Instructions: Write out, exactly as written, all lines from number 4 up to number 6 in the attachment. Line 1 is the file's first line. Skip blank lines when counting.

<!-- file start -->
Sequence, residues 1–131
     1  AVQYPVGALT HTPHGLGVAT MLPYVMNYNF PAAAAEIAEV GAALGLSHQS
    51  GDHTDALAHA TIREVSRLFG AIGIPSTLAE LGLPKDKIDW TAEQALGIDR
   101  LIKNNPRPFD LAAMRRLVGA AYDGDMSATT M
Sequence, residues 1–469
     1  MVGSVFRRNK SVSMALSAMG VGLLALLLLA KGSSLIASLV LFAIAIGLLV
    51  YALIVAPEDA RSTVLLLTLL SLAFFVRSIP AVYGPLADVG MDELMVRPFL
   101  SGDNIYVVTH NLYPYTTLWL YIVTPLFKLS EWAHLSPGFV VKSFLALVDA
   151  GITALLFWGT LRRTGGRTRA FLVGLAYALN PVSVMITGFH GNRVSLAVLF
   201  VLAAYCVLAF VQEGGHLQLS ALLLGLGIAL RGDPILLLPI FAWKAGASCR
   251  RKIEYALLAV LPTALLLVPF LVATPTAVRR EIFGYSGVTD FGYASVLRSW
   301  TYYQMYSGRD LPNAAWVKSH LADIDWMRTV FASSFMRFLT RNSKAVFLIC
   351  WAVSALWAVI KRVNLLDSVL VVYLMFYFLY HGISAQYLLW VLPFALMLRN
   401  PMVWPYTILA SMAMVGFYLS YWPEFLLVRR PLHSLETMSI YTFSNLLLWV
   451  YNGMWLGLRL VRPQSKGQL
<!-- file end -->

   101  LIKNNPRPFD LAAMRRLVGA AYDGDMSATT M
Sequence, residues 1–469
     1  MVGSVFRRNK SVSMALSAMG VGLLALLLLA KGSSLIASLV LFAIAIGLLV